Swedish Voices in Prose: Johannes Anyuru Posted by Chelsea B on Jun 17, 2020 in Culture, Living in Sweden, Swedish Language
Writers have been using prose to reflect upon the world around them for millennia. One of my favorite Swedish writers who does just that is Johannes Anyuru. Today, we’ll learn a bit about Anyuru and introduce his 2015 poem Aska (Ashes).
Johannes Anyuru is a writer, poet, and playwright whose work focuses heavily on identity and the growing pains associated with the diverse people and narratives that make up modern Sweden. Anyuru was born near Göteborg in the city of Borås in 1979 to a Swedish mother and Ugandan Father. He has won numerous awards including the August Prize for literature in 2017.
I first encountered Anyuru’s writing in a university Swedish class. We read from his debut collection of poems called Det är bara gudarna som är nya (Only the Gods are New). This 2003 work builds upon Greek mythology and archetypes and how they are manifested in Sweden. Our class read a poem in which Anyuru compares the space between mainstream Swedish society and immigrant culture, like the famous Trojan Horse standing before the walled city of Troy. I had the pleasure to meet Anyuru while I was living in Växjö. Stadsbiblioteket (The city library) held a poetry reading and was projecting excerpts of Anyuru’s works on their building. He was quite surprised when I told him that our small liberal arts college in the American Midwest was studying his poetry.
In the March 2019 online edition of Writers Without Borders, a translated excerpt from Anyuru’s essay “Alhambra” is included. In it, he describes writing like this:
Writing is a post-traumatic symptom: we’re born screaming, surprised to exist, and everything that follows is the search for a sign that can hold the scream of birth.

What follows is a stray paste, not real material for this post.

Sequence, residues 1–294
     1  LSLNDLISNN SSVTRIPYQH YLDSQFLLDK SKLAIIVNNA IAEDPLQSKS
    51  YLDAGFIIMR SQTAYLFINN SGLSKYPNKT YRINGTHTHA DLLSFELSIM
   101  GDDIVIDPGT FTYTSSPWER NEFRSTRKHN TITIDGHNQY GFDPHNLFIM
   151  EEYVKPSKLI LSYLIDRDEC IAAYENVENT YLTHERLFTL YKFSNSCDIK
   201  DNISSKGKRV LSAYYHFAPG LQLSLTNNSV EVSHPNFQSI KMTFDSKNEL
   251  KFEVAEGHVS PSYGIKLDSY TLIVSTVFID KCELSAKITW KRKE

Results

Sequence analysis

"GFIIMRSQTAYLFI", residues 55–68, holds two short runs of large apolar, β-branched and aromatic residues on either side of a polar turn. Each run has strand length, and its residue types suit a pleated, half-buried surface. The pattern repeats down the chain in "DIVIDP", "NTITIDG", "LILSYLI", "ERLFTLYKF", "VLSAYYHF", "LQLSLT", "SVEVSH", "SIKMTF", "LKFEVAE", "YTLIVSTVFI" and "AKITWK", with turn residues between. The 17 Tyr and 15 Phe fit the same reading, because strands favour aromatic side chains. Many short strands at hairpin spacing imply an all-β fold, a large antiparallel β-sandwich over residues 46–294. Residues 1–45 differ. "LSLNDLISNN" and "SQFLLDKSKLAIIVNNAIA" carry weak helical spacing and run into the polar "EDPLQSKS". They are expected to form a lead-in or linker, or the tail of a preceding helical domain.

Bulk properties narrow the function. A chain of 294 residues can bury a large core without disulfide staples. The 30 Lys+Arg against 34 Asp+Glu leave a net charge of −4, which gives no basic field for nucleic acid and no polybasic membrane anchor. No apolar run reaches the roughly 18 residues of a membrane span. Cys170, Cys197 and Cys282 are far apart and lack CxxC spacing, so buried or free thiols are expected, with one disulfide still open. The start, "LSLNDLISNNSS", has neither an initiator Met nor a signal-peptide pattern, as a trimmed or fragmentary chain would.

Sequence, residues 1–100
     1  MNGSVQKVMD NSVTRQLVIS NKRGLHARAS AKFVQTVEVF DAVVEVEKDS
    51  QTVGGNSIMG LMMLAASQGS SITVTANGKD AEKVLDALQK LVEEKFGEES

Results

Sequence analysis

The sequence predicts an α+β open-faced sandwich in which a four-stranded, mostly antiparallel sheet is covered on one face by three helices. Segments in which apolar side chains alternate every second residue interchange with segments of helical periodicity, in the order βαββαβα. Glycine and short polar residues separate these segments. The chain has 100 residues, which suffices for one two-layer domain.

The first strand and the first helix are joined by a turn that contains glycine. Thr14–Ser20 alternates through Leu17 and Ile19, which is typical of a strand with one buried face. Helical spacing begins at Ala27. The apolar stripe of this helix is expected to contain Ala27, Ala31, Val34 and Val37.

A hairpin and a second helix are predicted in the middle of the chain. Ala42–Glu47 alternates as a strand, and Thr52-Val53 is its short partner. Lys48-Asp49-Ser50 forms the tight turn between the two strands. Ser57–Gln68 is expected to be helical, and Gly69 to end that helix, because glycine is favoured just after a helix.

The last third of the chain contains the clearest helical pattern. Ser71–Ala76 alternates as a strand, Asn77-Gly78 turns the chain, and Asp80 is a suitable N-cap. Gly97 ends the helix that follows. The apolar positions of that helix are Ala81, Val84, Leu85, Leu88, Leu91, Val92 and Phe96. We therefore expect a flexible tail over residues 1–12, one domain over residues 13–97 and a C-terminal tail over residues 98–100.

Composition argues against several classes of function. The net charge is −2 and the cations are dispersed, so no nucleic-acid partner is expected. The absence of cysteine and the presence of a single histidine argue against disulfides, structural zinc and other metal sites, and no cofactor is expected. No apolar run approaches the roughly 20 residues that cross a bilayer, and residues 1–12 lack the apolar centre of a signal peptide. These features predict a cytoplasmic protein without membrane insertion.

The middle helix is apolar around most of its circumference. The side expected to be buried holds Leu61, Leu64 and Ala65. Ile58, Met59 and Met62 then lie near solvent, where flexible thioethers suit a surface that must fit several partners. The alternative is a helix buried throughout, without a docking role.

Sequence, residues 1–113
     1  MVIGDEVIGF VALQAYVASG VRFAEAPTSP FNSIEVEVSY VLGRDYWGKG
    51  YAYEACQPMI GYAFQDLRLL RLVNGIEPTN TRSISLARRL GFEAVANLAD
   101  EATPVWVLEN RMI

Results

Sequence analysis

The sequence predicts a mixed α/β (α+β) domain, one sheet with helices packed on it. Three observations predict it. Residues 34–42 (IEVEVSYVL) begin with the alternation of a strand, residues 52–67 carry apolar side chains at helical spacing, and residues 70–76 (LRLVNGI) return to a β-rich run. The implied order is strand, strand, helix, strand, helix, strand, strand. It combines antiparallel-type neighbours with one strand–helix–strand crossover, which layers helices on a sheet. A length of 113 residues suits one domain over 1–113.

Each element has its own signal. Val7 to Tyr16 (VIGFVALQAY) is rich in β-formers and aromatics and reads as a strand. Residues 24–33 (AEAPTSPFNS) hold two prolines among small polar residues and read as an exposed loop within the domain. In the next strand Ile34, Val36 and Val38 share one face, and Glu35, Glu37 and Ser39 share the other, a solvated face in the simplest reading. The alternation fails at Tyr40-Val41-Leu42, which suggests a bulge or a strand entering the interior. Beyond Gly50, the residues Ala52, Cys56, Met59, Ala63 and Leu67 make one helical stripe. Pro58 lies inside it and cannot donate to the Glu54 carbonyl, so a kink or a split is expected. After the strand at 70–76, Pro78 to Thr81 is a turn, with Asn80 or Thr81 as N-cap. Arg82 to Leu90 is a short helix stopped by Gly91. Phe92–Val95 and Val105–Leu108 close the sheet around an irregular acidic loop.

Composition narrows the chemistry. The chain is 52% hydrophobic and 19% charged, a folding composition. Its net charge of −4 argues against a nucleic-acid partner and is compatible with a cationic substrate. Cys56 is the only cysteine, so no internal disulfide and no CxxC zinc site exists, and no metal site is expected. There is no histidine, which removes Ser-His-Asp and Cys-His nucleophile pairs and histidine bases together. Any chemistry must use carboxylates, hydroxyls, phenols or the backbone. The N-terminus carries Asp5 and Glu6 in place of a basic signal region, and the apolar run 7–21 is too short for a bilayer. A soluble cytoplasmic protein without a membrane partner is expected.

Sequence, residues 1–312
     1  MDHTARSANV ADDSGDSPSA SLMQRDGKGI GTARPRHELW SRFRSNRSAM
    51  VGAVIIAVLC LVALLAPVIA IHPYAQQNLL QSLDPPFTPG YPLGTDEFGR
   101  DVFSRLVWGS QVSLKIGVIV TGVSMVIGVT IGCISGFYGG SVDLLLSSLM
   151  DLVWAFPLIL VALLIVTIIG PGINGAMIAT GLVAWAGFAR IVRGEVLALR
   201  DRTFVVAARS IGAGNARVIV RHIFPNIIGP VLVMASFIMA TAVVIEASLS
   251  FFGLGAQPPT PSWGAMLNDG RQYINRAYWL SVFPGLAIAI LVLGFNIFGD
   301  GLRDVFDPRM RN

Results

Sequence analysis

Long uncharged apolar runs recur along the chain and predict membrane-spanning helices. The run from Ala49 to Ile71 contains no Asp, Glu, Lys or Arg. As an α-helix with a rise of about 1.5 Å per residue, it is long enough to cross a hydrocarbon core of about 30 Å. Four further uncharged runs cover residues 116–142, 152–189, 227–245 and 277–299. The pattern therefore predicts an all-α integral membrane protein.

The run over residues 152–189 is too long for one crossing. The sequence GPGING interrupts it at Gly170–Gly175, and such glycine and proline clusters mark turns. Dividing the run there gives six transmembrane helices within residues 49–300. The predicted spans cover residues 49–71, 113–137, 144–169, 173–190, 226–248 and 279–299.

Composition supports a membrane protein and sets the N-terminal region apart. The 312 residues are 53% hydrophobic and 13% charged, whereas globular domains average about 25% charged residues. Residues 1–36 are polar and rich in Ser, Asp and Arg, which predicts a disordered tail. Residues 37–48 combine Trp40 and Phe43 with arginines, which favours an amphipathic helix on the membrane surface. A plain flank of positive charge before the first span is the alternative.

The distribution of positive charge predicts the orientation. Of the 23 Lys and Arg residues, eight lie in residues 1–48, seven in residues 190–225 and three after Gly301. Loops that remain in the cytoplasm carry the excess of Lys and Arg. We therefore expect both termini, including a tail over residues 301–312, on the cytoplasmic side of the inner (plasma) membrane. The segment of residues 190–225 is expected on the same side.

Anyuru is consistently seeking to articulate this “scream” in his work. After the 2017 terrorist attack on Drottninggatan in Stockholm, he writes:
I felt a deep need to participate as a Muslim in the dirgelike performance taking place in the media. I wanted to contribute to the columns and articles expressing shock, worry, and assurance immediately after the attack. I did; I wrote about Stockholm, but the text did not focus on the conflicts between center and periphery, black and white, rich and poor, city and suburb. Instead, I wrote about the line that separates those who in that moment had their humanity questioned and who knew they risked being subjected to additional terror laws, from everyone else—people for whom this particular moment in history was like any other.
I recommend reading more of this essay here, as it is excellently translated by Kira Josefsson, originally published in Glänta.
In 2015, a terror attack at a school in Trollhättan led Anyuru to his piece entitled Aska (Ashes). The poem opens as Anyuru compares himself to Ahmed Hassan, the 17-year-old student who was killed by a far-right extremist. The poem was published in Aftonbladet, you can read it in its entirety there. But for now, enjoy the first few stanzas below.
Sorry beginners, this is a difficult piece to read! But never fear, next week I plan to lighten it up with some beginning grammar for you. Vi ses då!
Jag lindar mina händer, hårt
Ahmed Hassan liknar mig
så mycket att jag tycker mig se allt lysa
ur hans ögon
på selfien: svenskalektionerna
med ytterjackorna på, materialiteten, mopederna
som drar förbi i kvällen, fotbollens polygonmåne
för alltid svävande en meter
över marken, en intill benet
som blåser bort över skolgårdar,
Håller handen framför mig, lindar
remsan över handleden, knogarna
Dyrbara, trådslitna strimmor
av hopp: vi sluter deras ögon
och ber Gud att göra deras gravar
att förlåta oss,
kunde inte skydda dem,
Villapriserna kommer sjunka
om de kommer hit – våldets rämna,
rakt genom dig själv: på så sätt
en sorts mörk poesi, tyckte jag
en gång, med krossat glas
i handflatorna, en illusorisk mänsklighet
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